Dego to re-enter ride-sharing market


LOCAL start-up company Dego Ride is ready to launch motorcycle ride-sharing services in Malaysia again following the government’s approval for implementation of bike-hailing services.

“We have been engaging with industry-related parties on bringing up local talents such as ourselves to compete and collaborate with Go-Jek,” Dego Ride founder Nabil Feisal Bamadhaj told The Malaysian Reserve (TMR) when contacted.

“We believe that our pool of talented and experienced riders is ready to provide motorbike taxi rides again across Malaysia.

“As I see it, Dego Ride had first mover advantage in Malaysia as a local player and I believe that the Cabinet and the government will factor that into their consideration,” Nabil added.

Yesterday, Youth and Sports Minister Syed Saddiq Syed Abdul Rahman announced that the Cabinet has collectively agreed for the implementation of Go-Jek-Dego Ride’s economic model.

“We want to ensure that our ‘Mat Motor’ will get thousands of job opportunities and at the same time, helping our hawkers and young entrepreneurs to leverage on these services for their products,” Syed Saddiq said in a video recording posted on his Twitter account.

He added that bike-hailing services would help address the issue of last-mile connectivity at lower fares for Malaysians in general.

On Monday, Syed Saddiq announced plans to bring Indonesia’s Go-Jek to Malaysia after his meeting with Go-Jek founder Nadiem Makarim and Prime Minister Tun Dr Mahathir Mohamad.

However, critics questioned why Go-Jek was accorded a preferential treatment, as Malaysia has its own bike-hailing players such as Dego Ride and JomRides.

Subsequently, Syed Saddiq clarified that the bike-hailing industry will not be monopolised by Go-Jek alone, saying Dego Ride is a good alternative mode of transportation.

It was reported that Syed Saddiq plans to bring the bikehailing proposal from a youth employment angle, while the Transport Ministry said it will study the ecosystem for such services.

Dego Ride became Malaysia’s first motorcycle-based ride-sharing provider when it began providing such services towards the end of 2016.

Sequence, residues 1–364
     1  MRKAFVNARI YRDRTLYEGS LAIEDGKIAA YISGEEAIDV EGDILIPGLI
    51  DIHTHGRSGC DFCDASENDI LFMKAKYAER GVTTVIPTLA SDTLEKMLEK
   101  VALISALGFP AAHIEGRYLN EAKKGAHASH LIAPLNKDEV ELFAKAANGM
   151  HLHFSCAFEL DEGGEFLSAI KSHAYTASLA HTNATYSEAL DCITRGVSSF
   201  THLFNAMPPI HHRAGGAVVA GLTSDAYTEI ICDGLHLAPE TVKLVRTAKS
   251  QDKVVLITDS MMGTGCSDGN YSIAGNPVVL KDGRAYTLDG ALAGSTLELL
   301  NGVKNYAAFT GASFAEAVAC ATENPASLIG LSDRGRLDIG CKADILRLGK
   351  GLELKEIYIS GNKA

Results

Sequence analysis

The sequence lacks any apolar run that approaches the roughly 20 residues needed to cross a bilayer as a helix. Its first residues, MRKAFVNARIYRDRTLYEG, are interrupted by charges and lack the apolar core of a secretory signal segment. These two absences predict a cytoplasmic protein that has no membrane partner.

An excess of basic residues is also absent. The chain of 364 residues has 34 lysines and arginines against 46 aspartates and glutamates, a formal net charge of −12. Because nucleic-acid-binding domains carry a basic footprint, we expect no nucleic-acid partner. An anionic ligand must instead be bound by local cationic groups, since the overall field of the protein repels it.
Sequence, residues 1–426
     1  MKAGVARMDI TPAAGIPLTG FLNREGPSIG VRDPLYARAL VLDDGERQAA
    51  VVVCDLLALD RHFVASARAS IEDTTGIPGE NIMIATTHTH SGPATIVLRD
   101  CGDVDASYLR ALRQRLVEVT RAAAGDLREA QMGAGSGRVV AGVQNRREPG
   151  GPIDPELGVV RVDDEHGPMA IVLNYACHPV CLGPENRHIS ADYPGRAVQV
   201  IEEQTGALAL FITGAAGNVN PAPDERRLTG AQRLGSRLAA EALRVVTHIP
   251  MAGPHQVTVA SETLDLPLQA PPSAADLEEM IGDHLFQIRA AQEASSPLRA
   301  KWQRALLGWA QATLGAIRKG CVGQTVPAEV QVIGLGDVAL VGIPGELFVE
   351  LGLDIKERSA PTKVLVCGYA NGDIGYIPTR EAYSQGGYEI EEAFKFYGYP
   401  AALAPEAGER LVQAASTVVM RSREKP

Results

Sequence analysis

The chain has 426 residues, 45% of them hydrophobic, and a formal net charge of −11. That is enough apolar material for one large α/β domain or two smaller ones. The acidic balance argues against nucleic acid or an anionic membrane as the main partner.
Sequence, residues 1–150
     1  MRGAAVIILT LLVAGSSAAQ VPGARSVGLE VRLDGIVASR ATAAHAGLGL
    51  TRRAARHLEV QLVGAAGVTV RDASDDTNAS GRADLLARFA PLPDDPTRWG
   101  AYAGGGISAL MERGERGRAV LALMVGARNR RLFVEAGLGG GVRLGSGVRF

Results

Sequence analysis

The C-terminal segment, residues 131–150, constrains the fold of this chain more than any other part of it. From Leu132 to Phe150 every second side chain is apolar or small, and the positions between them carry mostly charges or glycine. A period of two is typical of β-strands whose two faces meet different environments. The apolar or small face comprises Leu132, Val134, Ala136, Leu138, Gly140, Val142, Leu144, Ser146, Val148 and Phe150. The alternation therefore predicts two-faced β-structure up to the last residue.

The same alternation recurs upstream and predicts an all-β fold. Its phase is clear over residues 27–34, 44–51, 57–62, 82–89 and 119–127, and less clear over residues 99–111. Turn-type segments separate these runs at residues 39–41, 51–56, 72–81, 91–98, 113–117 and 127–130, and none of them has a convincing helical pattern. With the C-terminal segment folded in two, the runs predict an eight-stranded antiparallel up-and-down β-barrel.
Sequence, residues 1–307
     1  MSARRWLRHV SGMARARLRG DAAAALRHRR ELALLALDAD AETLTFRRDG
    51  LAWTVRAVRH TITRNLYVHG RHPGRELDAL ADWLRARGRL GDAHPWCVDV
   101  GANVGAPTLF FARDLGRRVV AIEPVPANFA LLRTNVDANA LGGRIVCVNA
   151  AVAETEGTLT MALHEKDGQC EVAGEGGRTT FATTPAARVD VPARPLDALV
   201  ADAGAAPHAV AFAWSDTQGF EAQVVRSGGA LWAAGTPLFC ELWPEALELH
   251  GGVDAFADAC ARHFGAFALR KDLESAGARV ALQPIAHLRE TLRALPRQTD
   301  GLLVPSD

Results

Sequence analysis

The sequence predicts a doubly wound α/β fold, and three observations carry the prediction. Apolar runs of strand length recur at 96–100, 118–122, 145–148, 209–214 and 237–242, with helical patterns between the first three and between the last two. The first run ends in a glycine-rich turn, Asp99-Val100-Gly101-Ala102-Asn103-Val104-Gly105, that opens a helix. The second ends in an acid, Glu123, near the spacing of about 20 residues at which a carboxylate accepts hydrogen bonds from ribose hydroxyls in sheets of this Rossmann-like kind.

However, two separate ruling governments declared its services illegal, particularly due to safety concerns.

Dego Ride was first declared illegal in 2017 by then Deputy Transport Minister Datuk Abdul Aziz Kaprawi.

After the change of administration in May last year, Dego Ride announced the return of its motorcycle taxi service in September, but Transport Minister Anthony Loke categorically stated that his ministry will never legalise the company’s operation due to safety issues.

Speaking to TMR, Nabil said the company and its riders decided to stop providing motorbike ride services since the announcement. This was to avoid carrying out any activities that could be deemed unlawful, he said.

“However, the (ride-sharing) option remained on our website and our mobile application and we did continually receive requests and calls to provide such services and tried our best to fulfil at the full discretion of the rider and the passenger,” he said.

Meanwhile, JomRides head of marketing Musfaizal Mustafa expressed his concern on the regulation for bike-hailing, pointing out that the existing law for e-hailing industry in general is still a work in progress.

“The regulation for e-hailing is already a bit chaotic, now with bikes, I hope it does not get worse,” he told TMR.

Musfaizal also questioned why was Go-Jek given the priority, as it is a foreign firm and that there are 37 registered e-hailing operators in the country.

According to Nabil, Dego Ride’s logistics business is steadily growing and currently services several areas nationwide.

The company has a ready rider base and knowledge of the local market to relaunch its motorcycle ride-hailing service.

At the same time, Go-Jek’s presence and industry experience in its home base in Indonesia, as well as Thailand, Singapore and Vietnam markets could prove invaluable to Malaysia.